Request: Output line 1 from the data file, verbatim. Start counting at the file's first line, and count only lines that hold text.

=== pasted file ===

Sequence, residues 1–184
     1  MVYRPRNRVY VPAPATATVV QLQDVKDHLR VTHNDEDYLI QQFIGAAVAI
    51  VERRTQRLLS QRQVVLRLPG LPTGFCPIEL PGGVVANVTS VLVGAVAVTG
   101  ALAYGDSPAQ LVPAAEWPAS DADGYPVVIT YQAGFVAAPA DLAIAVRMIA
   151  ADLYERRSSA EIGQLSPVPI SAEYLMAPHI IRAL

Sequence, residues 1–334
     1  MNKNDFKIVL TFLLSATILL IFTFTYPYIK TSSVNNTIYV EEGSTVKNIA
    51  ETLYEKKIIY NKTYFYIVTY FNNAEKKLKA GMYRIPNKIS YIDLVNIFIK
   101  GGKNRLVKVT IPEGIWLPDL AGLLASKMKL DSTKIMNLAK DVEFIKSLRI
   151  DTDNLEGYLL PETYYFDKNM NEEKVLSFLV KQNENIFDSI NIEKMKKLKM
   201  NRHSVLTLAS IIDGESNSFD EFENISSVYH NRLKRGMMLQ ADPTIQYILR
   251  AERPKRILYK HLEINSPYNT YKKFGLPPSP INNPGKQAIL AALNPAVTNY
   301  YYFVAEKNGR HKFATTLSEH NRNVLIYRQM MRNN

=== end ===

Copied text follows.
Sequence, residues 1–184